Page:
Wednesday, November 28, 2012

Disarray







Disarray



Even from here, shut out
in the wheeling year's disarray,
I can feel your fear of what you know
you will never have again, even
of knowing that; I can see you place
your dead planet moonfast without revolve
cratered, axis horseshoed tight round 
your ruined heart,
that great magnet of a failing past
that sucks to it the bright shavings of your soul.

Your pale eyes shine with a torment of self
a salty torrent turned back, reverse
engineered to pantheistic rivers of
phantom flint flowers, rilling rains dammed
by the fisted hand open only to strike  
fear by day, fear by night. Your alembic
slowdrips fading physic; others' words,
wine mulled to medicine, swallowed
then vomited up, poison
in a leviathon's deathroll.

Of course a nymph the size of
a rosemary needle
could never be enough
to soothe the stomach of such a beast,
to move again
the frozen moon,
to heal or to charm with
my forget-me-not blooms,
my memoried fragrance.

~November 2012









Posted for   real toads
Wednesday Challenge
Kerry introduces the South African poet Ingrid Jonker, and asks us to write from the experiences of  personal relationship as she did in her work. I was unable to capture at all Jonker's style in this, I'm afraid.



Words and images © joyannjones
 



28 comments:

  1. Your own style shines through each stanza, Hedge, but the mood has a touch of Jonker's melancholy, the sense of things that came to an end, of times never to be reclaimed. Of course, rosemary is for remembrance, and has its own peculiar fragrance to apt to tap into memory.

    I think your opening stanza is a marvel of syntactical brilliance - you know how to turn a phrase on its ear.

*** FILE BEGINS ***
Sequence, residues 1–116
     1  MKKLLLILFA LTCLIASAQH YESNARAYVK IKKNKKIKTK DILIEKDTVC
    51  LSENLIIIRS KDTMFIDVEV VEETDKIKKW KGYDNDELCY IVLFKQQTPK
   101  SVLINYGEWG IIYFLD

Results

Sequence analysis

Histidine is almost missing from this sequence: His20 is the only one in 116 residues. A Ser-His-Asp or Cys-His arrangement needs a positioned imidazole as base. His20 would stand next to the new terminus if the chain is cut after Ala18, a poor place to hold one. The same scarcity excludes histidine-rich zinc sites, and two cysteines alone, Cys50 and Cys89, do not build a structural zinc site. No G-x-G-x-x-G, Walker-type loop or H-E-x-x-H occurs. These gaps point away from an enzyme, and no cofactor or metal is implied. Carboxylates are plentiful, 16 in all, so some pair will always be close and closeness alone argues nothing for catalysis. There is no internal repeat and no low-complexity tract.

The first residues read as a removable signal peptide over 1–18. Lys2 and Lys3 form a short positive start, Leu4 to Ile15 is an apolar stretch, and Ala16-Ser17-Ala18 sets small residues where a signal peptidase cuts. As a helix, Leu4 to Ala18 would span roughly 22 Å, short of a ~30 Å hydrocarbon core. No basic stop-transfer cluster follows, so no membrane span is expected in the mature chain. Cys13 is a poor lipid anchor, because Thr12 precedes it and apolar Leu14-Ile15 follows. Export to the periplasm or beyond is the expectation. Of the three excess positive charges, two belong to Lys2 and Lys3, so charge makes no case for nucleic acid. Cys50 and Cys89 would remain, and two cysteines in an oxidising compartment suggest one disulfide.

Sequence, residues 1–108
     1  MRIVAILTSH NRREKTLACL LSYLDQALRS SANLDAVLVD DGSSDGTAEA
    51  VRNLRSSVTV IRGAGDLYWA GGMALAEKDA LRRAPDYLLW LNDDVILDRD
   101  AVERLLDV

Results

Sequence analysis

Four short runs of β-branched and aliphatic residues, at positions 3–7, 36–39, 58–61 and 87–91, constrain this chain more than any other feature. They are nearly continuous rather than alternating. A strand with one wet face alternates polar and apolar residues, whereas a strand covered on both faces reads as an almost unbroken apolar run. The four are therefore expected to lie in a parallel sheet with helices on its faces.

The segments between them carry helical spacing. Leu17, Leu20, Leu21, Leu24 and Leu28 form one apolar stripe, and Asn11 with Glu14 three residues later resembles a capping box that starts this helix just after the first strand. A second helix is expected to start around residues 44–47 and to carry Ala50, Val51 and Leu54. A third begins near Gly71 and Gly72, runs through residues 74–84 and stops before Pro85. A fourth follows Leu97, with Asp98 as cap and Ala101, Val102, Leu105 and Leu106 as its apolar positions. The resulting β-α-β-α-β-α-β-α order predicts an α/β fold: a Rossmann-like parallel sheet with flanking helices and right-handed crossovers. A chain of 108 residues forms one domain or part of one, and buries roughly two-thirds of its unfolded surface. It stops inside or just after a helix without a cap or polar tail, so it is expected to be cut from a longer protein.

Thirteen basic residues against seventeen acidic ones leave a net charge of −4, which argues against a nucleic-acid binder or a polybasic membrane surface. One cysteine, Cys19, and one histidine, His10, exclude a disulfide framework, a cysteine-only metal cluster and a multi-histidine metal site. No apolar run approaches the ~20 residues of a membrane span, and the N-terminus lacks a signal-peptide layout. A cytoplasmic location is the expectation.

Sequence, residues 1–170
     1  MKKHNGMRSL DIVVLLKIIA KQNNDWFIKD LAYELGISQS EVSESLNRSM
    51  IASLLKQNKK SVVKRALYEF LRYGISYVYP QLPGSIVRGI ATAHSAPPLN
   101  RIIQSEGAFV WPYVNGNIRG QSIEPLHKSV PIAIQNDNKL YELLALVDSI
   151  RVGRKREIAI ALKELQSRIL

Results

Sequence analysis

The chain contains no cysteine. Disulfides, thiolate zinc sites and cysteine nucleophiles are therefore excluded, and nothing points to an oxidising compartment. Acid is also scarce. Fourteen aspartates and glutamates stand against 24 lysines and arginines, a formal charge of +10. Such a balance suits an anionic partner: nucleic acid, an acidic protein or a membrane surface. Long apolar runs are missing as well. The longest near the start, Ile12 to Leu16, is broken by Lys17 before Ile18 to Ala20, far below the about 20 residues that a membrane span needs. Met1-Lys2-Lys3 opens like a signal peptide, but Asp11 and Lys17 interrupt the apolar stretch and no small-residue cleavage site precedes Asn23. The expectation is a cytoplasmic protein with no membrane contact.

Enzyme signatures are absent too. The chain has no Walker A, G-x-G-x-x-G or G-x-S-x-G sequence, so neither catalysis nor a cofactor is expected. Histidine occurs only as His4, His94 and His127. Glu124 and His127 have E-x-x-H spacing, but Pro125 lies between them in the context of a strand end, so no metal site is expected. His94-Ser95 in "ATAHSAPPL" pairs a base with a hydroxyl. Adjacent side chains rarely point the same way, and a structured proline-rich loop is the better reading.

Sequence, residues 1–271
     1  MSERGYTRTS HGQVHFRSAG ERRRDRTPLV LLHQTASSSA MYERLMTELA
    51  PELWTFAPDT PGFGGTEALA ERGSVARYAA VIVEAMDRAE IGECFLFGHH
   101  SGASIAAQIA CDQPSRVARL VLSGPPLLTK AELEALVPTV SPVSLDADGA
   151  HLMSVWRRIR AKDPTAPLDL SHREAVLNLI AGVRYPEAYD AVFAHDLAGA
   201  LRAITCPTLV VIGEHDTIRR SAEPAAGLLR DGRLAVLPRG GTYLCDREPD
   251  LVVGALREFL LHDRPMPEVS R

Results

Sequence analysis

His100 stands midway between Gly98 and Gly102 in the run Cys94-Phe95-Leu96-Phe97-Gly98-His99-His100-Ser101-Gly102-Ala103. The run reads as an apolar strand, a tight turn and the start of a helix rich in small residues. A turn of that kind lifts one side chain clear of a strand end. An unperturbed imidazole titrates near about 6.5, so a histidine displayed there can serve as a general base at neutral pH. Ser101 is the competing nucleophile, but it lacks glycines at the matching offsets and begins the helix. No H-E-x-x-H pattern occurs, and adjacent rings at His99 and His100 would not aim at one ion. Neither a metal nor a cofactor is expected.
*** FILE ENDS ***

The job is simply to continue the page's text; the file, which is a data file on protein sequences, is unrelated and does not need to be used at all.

I can see you place
    your dead planet moonfast without revolve
    cratered, axis horseshoed tight round
    your ruined heart,
    that great magnet of a failing past
    that sucks to it the bright shavings of your soul.

    Phew!

    ReplyDelete
    Replies
    1. Thank you Kerry. This was such a good prompt. I tried writing in her more understated style, but just didn't feel right.

      Delete
  2. Hedge!! This part:

    "that great magnet of a failing past
    that sucks to it the bright shavings of your soul."

    It's so true...it can do that...wow, spot-on with this metaphor.

    And how self-torturous it is indeed to live in this light...you capture that tone well.

    The last portion is so softly-wooing with the scent of rosemary and the muses favorite lil' bloom.

    I love this poem, Hedge.

    ReplyDelete
    Replies
    1. Thank you Hannah. So many shades of blue--and each one has its own flower.

      Delete
  3. I so love the incorporation of the rosemary and the line "a nymph the size of a rosemary needle." Great image!

    ReplyDelete
  4. I'll have to come back as do not have adequate time to read as carefully as I should. Agree with Kerry mainly. Some great images here - and all the wordplay very powerful - the moon and horseshoe and magnets and rilling rain and needle and rosemary. I am contemplating the idea of fearing what you know your'll never have again - fearing something's loss or its re-appearance - and of course there can be that double-edged aspect to both fear and loss. (Is it "rosemary for remembrance?" Ophelia? I don't know.) k.

    ReplyDelete
    Replies
    1. "Rosemary, that's for remembrance. Pray love, remember" Ophelia indeed. The fear of what you'll never have again, closely allied with the fear of knowing you'll never have it again. Twofold, because if you got it, what would happen then to your dead moon persona and rivers of carefully cultivated rain? Thanks, k.

      Delete
    2. Ouch! I still need to read a few more times, but still at work- Only would say that I've been known to hold plenty of dead planets moonfast. I was going to make a horrible joke here which I will refrain from making,since it's a serious and cool poem - k.

      Delete
    3. I shudder to even think what it may be--thanks for pitching in twice, k, and for restraining yourself in the comments. You know how to find me should you just have to share. ;_)

      Delete
    4. Well, neither pitch was very accurate as I was at work and couldn't quite focus (except to be impressed), and now I've read the prompt and the poem again, with less going on so I can follow better (and should delete silly comments.) (So sorry to waste your time and space.)